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Canada's Tiffany Foster rides Victor during the equestrian individual jumping first qualifier in Greenwich Park at the London 2012 Olympic Games August 4, 2012.          (Reuters)

Canada's Tiffany Foster rides Victor during the equestrian individual jumping first qualifier in Greenwich Park at the London 2012 Olympic Games August 4, 2012.         

(Reuters)

Akaash Maharaj, former CEO of Equine Canada, on the controversy Add to ...

In the soaring language of the Olympic Charter, the very first "Fundamental Principles of Olympism" include "respect for universal fundamental ethical principles." But high words cast a long shadow over low deeds.

On Saturday, Tiffany Foster, one of Canada’s Jumping team members, was disqualified from the Olympics by the International Equestrian Federation (FEI), after its Veterinary Commission discovered a superficial scratch above one of her horse’s hooves.

The FEI justified its decision by citing regulations designed to protect horses from abusive competition practices, in which unscrupulous riders scald or inflame their horses’ legs, to force the horses to leap higher in a desperate attempt to avoid striking hypersensitized skin against the fences.

The regulations are absolutely legitimate. The FEI’s attempt to apply them to Foster’s situation was absurd.

The FEI has conceded that there is no suggestion that Foster acted improperly, neither through malice nor through negligence, neither through omission nor through commission. The FEI Veterinary Commission did not even bother to take the horse out of its stall to examine it further or to test its movement for any signs of discomfort. There is no evidence that the horse itself was even aware of the scratch, other than when it was poked repeatedly.

The FEI acknowledged that Foster had no ill intentions. It acknowledged that she committed no wrongful act. It acknowledged that she failed in none of her responsibilities. It presented no evidence that her horse was in any distress.

It nevertheless punished her by casting her out from the Olympics.

By wrapping indefensible decisions in the false flag of horse welfare, the FEI has done more than wrong individual athletes. It has brought its commitment to horse welfare into disrepute, and demonstrated a willingness to make its most important rules the enemies of the most basic standards of justice.

How is such a state of affairs possible? The FEI regulations state baldly, "there is no appeal against the decision of the Ground Jury to disqualify a horse for abnormal sensitivity." There is explicitly no remedy for those who have been treated unjustly; there are no consequences for those who wield power capriciously. And power without accountability inevitably invites abuse.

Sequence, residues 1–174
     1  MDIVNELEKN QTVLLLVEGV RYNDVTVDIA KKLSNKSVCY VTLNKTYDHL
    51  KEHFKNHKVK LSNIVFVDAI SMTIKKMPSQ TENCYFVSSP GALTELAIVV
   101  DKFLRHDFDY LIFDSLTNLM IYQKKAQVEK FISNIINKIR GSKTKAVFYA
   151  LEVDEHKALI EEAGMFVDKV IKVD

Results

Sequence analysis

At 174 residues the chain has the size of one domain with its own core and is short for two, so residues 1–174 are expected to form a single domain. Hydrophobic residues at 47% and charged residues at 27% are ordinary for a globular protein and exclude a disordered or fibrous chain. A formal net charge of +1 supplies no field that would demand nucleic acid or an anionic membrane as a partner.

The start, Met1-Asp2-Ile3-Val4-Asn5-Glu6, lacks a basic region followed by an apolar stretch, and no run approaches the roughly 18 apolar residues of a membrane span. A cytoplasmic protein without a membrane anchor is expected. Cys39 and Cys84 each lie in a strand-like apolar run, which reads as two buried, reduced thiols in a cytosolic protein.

Many Canadians will shake their heads in sympathy for Foster, then shrug their shoulders in the belief that there is nothing to be done, that the forces arrayed against her and other athletes are simply too powerful, that the interests embodied in international sport organizations are too entrenched. But this is only true if we allow it to be so.

As Canadians, we have a choice, and we have a responsibility to choose to not go gentle into that good night.

In a globalized world, we can project our values into the international system, or we can allow ourselves to become prisoners of the values of others. We can speak up for the ideals good sportsmanship, or we can stifle the voice of conscience when those ideals are trampled. We can stand with our athletes, or we can collude with those who treat their dreams as expendable commodities.

After Foster was sent home from the Olympics, Equine Canada, the Canadian Equestrian Team’s governing federation, chose to issue a statement thanking the FEI for its conduct in this affair. Its choice was a public obscenity, and an affront to every athlete who has ever carried the maple leaf into competition. In response, Eric Lamaze, perhaps the greatest equestrian athlete Canada has ever produced, chose to announce that he will never again compete under Equine Canada’s authority, unless the federation reverses its position.

This is more than a fight over the treatment of a single athlete. This is more than a struggle for the future of equestrian sport. This is a battle for the values, the honour, and the very soul of our country’s national sporting system.

Eric has chosen to risk everything to stand with the angels. I believe in my heart that Canadians will not leave him to stand alone.

Akaash Maharaj is a triple gold medallist for Canada at the International Championships of Equestrian Skill-at-Arms, and a former CEO of Equine Canada. His personal web site is www.Maharaj.org.

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